The exact incidence of occurrence is not known. It is seen most commonly in the 2 nd to 5 th decades of life. Both sexes are affected equally. It is characterized as a tender, non-suppurative swelling in the upper costosternal region.
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Language: English Polish. The disease most often involves articulations: sternocostal, sternoclavicular, or costochondral joints. The characteristic symptoms are tenderness, pain and edema involving one of the aforementioned joints on one side. Most commonly the treatment is conservative, in resistant cases surgical. This clinically individual disease unit is often confused with other painful conditions within the thoracic skeletal structures such as costochondritis, which is not accompanied by tissue swelling inside the sternocostal joint [ 2 , 4 , 5 ].
This syndrome of clinical symptoms was first described in by the German professor of surgery Alexander Tietze, who was an assistant to Jan Mikulicz-Radecki [ 6 ]. It is recommended that during the physical examination, with a single finger, one should apply gentle pressure to the front, lateral and posterior chest wall in order to accurately locate the discomfort [ 9 , 10 ]. Significant differences between these two disease entities are presented in Table I [ 12 ].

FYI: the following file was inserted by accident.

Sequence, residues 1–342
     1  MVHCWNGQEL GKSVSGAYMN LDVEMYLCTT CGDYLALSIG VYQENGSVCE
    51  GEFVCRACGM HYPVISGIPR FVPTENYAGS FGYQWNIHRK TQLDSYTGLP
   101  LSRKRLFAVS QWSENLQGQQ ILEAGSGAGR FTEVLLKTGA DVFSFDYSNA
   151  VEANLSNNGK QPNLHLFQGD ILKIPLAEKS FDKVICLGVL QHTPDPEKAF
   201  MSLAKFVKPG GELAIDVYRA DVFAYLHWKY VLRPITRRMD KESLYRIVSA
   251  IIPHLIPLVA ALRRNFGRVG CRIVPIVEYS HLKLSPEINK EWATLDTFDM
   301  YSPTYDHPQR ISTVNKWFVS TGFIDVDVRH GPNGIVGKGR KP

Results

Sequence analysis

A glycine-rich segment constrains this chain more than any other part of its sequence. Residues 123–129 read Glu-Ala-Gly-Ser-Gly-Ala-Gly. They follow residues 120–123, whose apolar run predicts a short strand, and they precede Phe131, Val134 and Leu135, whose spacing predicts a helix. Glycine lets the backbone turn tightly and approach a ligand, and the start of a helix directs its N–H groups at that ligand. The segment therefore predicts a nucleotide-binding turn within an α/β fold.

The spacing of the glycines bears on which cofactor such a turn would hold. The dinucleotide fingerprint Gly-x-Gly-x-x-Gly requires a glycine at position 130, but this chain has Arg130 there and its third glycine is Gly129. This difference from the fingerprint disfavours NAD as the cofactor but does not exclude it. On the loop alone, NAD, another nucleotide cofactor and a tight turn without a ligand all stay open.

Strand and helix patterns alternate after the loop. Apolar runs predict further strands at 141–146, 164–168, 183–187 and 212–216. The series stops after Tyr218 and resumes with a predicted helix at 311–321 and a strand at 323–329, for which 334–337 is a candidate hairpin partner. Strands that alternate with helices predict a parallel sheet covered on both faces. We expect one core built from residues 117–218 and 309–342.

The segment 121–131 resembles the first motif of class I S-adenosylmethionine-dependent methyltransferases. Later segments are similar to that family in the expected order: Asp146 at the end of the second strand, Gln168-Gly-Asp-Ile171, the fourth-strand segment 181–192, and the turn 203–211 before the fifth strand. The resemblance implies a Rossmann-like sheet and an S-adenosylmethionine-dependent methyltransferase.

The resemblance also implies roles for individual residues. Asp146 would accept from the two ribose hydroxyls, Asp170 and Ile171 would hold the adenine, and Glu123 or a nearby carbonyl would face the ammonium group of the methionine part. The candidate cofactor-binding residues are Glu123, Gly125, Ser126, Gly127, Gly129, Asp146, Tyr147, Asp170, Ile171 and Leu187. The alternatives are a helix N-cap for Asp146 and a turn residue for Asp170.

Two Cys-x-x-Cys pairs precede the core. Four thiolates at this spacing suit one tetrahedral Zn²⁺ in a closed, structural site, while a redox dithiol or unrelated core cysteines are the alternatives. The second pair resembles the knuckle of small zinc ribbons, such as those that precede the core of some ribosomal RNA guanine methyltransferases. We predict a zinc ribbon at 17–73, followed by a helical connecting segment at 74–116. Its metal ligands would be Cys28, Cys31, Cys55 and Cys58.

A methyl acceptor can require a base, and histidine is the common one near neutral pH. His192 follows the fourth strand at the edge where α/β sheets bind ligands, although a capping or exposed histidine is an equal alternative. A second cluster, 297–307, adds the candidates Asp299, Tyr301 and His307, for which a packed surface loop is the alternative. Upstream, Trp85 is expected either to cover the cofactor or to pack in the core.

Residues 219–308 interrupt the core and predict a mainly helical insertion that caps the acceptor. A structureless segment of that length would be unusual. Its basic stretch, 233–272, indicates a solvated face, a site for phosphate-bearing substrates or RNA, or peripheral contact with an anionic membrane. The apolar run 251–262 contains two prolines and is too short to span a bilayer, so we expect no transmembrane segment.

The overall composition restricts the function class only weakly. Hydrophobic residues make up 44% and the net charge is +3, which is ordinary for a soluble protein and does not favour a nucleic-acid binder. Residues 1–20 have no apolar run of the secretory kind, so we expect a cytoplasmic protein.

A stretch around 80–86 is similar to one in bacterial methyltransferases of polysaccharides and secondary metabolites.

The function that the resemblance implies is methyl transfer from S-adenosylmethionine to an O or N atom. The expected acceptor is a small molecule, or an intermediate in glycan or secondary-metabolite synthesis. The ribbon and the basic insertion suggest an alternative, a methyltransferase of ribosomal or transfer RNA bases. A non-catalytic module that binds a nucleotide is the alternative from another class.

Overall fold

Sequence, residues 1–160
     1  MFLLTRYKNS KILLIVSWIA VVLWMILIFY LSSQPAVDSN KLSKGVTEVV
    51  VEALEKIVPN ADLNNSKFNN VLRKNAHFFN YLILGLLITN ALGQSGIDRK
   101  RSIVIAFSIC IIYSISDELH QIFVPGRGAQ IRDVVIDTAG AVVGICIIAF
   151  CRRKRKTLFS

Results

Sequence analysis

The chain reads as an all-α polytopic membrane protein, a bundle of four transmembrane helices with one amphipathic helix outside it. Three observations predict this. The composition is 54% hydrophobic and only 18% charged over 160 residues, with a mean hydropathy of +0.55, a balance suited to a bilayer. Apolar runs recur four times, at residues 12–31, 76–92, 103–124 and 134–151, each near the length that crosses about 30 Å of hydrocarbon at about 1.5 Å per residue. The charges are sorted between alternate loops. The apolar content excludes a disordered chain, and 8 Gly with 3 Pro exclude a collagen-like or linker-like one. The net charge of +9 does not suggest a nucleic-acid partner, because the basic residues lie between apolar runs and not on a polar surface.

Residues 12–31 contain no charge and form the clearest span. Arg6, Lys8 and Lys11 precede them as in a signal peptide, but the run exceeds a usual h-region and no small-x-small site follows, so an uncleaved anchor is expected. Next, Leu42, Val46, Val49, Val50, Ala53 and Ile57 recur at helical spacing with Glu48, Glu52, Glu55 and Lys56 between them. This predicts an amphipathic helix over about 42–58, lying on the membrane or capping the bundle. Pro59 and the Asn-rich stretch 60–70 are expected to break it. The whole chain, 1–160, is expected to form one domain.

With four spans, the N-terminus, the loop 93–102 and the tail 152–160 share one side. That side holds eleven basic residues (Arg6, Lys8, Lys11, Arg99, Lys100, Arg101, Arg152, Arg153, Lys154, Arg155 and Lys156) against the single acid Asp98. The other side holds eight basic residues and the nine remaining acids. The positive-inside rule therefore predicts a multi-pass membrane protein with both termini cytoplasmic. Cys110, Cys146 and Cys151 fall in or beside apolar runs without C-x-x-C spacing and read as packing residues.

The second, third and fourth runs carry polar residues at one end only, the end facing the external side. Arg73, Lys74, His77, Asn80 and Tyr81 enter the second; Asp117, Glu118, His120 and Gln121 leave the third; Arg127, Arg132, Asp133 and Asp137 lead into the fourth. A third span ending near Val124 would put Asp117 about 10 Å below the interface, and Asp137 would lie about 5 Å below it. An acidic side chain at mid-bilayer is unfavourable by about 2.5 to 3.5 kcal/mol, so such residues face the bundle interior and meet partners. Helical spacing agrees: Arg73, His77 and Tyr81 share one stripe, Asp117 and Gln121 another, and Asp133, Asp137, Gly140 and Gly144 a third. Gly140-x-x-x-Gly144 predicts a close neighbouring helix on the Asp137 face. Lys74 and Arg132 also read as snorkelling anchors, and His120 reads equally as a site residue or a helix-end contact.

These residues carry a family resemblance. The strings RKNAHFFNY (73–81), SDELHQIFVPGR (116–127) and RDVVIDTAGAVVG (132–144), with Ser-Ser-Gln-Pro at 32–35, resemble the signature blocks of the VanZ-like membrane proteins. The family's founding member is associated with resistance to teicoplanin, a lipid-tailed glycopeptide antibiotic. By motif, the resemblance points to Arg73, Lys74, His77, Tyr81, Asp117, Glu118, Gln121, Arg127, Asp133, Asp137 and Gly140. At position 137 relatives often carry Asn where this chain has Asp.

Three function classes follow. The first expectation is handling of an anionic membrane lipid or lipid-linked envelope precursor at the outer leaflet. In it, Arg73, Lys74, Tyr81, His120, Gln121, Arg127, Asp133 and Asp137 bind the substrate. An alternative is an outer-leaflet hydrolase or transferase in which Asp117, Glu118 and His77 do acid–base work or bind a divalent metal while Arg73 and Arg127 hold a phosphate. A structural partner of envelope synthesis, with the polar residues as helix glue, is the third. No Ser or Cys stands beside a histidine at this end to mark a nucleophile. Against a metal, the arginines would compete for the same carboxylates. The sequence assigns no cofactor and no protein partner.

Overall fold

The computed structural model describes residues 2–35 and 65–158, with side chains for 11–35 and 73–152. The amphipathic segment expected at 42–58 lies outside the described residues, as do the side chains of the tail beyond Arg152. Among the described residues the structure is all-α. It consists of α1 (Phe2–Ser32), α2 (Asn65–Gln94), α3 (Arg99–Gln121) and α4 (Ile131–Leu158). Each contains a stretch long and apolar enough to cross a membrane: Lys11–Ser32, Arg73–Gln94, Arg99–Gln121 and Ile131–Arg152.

Ultrasound imaging is the most common method, which shows swelling of soft tissues at the site of the ongoing inflammatory process. In turn, the nuclear magnetic resonance NMR very accurately shows inflammatory changes in the surrounding fat tissue along with bone marrow edema causing compression and close adherence of the joint surfaces forming the articulation.
There are no destructive changes in cartilage and bone. Another recommended method is skeletal scintigraphy using technetium or radioactive gallium. Particularly, conservative methods of treatment are used, which include pain management using analgesics and non-steroidal anti-inflammatory drugs. In rare cases resistant to the above-mentioned pharmacological methods, the site of the pain can be injected with a solution of lignocaine in combination with a steroid.